Don’t look for release of those controversial changes to federalanytime soon.
While the U.S. Department of Labor issued the proposed rule changes in June 2015, the final regulations (and subsequent effective date) won’t likely appear before late in 2016, said the DOL’s Solicitor of Labor Patricia Smith at a conference earlier this month. Employers had expected the final rules to be unveiled in late 2015 or early 2016.
Smith’s revealing of the timeline “elicited gasps” from the audience at the American Bar Association’sConference in Philadelphia, according to a report in The Wall Street Journal.
Why the longer lead-up time? The public comment period that ended Sept. 4 elicited more than 247,000 comments and the DOL must wade through them to draft the final rule. The Society for Human Resource(SHRM) opposed the changes, citing the resulting higher costs, fewer opportunities to work overtime and less workplace flexibility for employers and employees alike.
What the proposed rules say: The Obama Administration aims to more than double the salary threshold below which qualified administrative, executive and professional employees are guaranteed overtime pay. It would raise the bar to $50,440 per year, up from the current $23,660. The DOL estimates this will make at least 5 million workers eligible for overtime pay for the first time.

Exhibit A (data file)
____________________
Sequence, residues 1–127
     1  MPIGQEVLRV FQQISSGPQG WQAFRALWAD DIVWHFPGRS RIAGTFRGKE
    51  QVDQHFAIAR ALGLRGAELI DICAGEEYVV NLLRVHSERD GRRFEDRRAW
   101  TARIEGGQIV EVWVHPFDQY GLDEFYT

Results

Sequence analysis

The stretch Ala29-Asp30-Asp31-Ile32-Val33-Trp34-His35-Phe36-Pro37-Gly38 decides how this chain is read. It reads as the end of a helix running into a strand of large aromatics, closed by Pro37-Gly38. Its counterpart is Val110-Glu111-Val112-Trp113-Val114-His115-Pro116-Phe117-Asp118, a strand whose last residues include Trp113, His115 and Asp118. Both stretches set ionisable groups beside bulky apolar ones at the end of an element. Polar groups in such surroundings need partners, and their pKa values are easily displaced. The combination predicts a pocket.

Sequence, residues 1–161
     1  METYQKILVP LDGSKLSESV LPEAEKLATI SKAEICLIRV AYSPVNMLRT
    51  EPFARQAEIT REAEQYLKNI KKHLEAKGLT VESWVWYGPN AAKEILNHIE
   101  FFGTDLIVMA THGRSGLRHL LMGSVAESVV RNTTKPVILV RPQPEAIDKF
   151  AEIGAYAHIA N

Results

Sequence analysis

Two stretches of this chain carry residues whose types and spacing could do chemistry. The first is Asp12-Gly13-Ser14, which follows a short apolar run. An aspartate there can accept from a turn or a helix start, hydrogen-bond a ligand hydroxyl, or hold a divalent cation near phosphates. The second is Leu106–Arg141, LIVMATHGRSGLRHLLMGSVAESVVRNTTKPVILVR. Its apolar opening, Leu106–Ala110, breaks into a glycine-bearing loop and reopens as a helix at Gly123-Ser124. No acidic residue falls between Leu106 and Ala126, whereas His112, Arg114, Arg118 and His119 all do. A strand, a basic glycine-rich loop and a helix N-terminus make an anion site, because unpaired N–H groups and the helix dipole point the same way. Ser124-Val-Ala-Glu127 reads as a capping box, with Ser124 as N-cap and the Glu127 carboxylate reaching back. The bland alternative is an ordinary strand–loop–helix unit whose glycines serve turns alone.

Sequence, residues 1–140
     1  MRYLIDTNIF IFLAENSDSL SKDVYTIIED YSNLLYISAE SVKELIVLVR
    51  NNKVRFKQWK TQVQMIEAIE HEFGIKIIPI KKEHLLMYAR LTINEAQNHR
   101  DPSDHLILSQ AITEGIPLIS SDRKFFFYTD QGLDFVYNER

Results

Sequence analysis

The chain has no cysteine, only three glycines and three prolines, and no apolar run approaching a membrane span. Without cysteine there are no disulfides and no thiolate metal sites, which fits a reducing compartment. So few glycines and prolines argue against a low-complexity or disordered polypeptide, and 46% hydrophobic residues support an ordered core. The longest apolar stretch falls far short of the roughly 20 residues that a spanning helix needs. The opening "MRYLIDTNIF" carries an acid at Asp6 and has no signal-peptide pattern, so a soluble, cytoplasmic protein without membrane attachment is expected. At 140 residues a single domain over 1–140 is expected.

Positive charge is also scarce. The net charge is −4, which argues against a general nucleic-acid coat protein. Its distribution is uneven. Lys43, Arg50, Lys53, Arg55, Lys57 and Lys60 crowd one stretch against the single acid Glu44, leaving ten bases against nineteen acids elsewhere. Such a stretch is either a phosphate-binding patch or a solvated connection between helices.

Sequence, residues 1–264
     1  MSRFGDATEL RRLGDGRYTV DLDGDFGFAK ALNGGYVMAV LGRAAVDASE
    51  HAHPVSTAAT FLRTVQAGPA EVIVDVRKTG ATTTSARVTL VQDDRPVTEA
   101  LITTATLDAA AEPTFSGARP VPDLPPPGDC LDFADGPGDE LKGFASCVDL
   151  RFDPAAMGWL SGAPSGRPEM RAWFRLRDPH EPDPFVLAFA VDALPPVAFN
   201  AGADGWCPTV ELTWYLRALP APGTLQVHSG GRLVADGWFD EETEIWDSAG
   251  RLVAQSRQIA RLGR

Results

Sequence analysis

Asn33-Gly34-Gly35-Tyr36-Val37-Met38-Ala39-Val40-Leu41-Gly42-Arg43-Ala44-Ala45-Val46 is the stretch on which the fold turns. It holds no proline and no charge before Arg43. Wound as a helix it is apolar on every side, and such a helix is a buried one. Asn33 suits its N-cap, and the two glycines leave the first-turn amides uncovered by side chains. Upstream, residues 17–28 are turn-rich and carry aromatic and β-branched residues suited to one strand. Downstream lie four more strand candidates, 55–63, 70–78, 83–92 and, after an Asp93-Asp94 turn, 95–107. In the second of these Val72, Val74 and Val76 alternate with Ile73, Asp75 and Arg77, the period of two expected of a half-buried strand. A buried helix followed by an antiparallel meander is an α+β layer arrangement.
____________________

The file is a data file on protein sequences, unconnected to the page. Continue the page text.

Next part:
The proposed rule doesn’t change the duties test that defines what constitutes administrative, executive and professional work. But it did leave open the possibility to issue such changes in the final regulations next year.
In 2004 (the last timechanged), the DOL gave employers four months from the announcement of final rules until the effective date. A SHRM report last week said this delay until late 2016 will likely mean a shorter time between publication of the final rules and the effective date (possibly as short as 30 days).
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